A day or two ago, Scott Bailey, over at The Literary Lab, had a post on tone, which I found very helpful, and I've been meaning to discuss it.
The book I'm working on now is a stand-alone fantasy, but since I had also planned a series for this world, the world-building is already quite rich. I have a bible filled with maps, histories, magics and legends. I know how they dress and what they eat. This is one reason I decided it was worth the effort to re-write rather than walk away from this series.
But how does this relate to tone?
From the start, and I mean the from teeniest, earliest spark of an idea I ever had for this story, I started knowing what kind of world I wanted and the tone I wanted to write the books in. In fact, my idea about the tone may even have been the FIRST thing I decided upon. Even though I had no idea to call it "tone."
Huh? A story idea can start with a character, or a plot, or a setting. Even a theme. But a tone?
Here's why. My original inspiration, and what has guided me since in writing this particular series, was Tibetan and Indian mythology, particularly epics such as the Mahabharata or the Blue Annals. As Scott says, "A lot of mythological writing is hyperbole. Ain't that a surprise? Hyperbole is also commonly used nowadays for comic effect."
The epics employ hyperbole at every level, and I thought it would be interesting to write a fantasy in the same manner. It would be easy to do so if I were writing straight comedy. But I wasn't interested in writing pure satire or farce. I do have humorous scenes and droll characters, even a bit of slapstick, and I hope they come across as amusing to the reader as to me when I was writing them. I wanted the humor to be like that in an Indiana Jones flick: there to balance the scenes with icky bugs or hearts being ripped out or people jumping out of airplanes.
The danger in using hyperbole is that it can slide toward the comic even when the author doesn't want it too. Melodrama is difficult for modern readers to take seriously. Because I'm writing in the fantasy genre, where magic is real and readers expect to find the outrageous conflated with the ordinary, I hope it will be possible to strike the right balance.
As an example, I have two passages. The first is from the Mahabharata, in which our bold hereos, the Pandava brothers, fight a rakshasa (ogre) named Kirmira. I've condensed it, because they tend to go on and on in places. The fight scene is pretty awesome, though, and I wish I could quote it in full.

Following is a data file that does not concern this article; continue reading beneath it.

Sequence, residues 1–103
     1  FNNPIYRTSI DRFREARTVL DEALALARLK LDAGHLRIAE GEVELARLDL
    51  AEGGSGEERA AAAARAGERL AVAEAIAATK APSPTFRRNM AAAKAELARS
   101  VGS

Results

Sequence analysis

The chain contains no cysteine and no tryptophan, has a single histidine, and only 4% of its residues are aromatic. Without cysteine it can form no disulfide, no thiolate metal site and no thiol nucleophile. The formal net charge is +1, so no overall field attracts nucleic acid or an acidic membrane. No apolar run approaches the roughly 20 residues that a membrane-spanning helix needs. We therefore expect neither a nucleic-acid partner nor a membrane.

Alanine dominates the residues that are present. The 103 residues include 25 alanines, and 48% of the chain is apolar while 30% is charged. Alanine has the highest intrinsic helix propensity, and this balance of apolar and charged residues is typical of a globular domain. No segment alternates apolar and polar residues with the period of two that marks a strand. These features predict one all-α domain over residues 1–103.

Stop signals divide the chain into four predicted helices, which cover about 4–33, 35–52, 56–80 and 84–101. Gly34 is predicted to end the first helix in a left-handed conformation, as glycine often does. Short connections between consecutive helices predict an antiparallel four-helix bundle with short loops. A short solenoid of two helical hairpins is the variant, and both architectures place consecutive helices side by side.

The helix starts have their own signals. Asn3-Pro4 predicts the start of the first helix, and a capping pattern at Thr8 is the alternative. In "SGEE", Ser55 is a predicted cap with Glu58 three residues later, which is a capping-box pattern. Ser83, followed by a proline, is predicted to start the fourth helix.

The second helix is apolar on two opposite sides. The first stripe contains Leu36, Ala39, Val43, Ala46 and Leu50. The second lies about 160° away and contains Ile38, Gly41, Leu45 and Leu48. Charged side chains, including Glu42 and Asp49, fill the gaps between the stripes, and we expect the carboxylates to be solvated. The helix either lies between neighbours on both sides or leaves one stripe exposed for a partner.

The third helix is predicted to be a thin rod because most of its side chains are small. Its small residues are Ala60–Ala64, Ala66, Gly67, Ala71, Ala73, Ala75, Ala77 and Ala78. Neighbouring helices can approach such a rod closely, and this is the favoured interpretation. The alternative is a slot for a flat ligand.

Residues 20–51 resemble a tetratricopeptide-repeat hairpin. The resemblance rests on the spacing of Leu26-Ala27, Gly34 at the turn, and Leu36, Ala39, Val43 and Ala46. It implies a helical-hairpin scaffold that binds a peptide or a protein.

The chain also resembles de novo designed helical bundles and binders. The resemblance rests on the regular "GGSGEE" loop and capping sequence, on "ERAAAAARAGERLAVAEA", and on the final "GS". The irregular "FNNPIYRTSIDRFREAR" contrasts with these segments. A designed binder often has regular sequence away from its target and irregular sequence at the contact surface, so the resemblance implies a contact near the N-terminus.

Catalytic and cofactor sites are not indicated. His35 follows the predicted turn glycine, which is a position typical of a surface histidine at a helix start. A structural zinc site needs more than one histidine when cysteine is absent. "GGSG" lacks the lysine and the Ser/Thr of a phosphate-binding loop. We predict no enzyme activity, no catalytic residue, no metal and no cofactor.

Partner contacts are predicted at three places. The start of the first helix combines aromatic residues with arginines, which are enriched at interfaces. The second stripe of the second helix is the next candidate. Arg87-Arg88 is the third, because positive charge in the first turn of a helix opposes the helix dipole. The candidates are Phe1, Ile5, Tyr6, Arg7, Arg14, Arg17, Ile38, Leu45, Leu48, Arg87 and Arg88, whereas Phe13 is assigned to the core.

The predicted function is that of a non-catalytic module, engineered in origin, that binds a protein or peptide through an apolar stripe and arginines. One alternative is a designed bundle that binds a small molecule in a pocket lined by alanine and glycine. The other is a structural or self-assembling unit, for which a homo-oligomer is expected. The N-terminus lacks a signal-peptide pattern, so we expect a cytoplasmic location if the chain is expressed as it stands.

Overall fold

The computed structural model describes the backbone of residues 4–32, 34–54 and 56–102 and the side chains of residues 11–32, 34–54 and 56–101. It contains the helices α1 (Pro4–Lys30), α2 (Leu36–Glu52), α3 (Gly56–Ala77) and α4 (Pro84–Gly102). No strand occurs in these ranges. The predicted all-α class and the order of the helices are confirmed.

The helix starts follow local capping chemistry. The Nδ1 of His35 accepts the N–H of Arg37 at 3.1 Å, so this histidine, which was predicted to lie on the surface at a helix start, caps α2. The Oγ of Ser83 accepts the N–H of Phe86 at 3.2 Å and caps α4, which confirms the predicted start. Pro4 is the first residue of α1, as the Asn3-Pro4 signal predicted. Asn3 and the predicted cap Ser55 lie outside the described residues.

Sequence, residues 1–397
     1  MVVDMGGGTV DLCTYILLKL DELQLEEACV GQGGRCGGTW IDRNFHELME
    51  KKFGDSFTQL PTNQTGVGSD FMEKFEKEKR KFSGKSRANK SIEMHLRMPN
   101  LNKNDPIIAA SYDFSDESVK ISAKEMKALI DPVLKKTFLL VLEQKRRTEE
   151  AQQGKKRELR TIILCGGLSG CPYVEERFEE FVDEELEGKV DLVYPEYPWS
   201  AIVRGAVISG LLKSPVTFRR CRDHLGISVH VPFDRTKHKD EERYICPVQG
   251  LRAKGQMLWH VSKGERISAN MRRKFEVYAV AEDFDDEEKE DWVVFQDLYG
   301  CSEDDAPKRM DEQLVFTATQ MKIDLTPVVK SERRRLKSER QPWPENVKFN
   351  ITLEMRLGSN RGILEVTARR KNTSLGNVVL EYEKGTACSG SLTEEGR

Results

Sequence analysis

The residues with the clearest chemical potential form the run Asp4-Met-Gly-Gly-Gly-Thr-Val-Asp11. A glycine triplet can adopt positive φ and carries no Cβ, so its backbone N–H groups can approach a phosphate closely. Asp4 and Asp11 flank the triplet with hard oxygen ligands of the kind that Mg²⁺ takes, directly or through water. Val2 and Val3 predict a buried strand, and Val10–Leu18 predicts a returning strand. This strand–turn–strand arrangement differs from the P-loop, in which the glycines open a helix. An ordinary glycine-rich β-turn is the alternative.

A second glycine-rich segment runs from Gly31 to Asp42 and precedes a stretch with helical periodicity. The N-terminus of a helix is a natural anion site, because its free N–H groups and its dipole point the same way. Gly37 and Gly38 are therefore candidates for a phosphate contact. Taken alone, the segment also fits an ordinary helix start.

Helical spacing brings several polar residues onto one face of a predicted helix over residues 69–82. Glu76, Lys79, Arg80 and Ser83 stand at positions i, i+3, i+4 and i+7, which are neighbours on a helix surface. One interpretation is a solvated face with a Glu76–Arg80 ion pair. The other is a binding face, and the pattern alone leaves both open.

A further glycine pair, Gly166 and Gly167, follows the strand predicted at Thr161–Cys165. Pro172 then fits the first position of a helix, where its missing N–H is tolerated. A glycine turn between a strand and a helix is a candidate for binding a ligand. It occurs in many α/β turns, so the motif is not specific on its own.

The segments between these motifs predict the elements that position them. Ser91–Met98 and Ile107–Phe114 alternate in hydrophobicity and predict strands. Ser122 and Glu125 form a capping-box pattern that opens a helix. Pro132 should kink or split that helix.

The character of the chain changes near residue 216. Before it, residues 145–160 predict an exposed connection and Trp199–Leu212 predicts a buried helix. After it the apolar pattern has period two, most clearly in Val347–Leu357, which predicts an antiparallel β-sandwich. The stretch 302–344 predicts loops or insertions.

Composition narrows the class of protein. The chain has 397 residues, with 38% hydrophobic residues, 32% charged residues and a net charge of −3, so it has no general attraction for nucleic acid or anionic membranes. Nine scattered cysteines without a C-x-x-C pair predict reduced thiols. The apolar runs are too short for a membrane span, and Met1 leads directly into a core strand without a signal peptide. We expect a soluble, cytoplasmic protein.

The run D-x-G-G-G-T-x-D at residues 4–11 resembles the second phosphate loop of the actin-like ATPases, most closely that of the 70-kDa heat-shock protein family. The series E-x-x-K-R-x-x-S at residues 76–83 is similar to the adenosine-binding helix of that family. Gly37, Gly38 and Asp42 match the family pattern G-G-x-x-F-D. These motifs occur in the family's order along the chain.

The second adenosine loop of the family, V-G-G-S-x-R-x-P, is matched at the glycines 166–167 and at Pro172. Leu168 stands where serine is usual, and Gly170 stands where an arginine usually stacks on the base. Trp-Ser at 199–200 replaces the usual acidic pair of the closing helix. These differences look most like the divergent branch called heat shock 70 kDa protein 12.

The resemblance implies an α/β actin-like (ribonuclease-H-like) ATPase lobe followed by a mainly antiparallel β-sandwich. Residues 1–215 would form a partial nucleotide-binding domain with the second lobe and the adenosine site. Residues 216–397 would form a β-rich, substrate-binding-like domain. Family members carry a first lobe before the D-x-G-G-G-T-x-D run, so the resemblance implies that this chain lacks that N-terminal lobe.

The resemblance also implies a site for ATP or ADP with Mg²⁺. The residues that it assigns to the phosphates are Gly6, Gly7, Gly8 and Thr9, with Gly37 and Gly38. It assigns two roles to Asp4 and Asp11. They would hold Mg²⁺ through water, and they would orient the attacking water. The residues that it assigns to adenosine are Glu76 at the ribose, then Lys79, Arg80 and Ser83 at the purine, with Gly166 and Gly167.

"It is my good fortune," said Kirmira, "that the Gods after such a long time have fulfilled my desire here today! For I have been roaming the entire earth with my weapons ready to kill Bhimasena, but I did not find him. And now by good fortune I have come across him, the killer of my brother... the fool has come to my own dense wood! Today I shall wreak upon him the grudge I have harbored for so long... this very day I shall devour him, before your own eyes... and after I have killed the Wolf-Belly [the hero's nickname] with all his brimming vigor, I shall eat and digest him, as Agastya once did with the great Asura!"
"You shall not!" The strong-armed Bhima quickly uprooted a tree ten armspans tall and stripped it of its leaves. [The other brothers ready their weapons, but Bhima commands them to stay out of the fight.] Armed with his tree, Bhima ran to him nimbly. Another Indra, he lowered his club like the staff of Yama with swift force on the other's head, but the rakshasa appeared unconcerned. He hurled at Bhima his lighted firebrand like flaming lightning, but that greatest of fighters kicked the cast-up torch back to the rakshasa with his left foot. ....
There began a tree fight that spared no tree, as of yore between the brothers Vali and Surgiva, when the both wanted the fortune. The trees that fell on their heads splintered in many pieces, as lotuses that are hurled at the heads of rutting elephants. Withered like reeds, the many trees of the great forest looked like discarded tatters.
[After they run out of trees, they start throwing rocks. Finally, they grapple one another mano-a-mano.]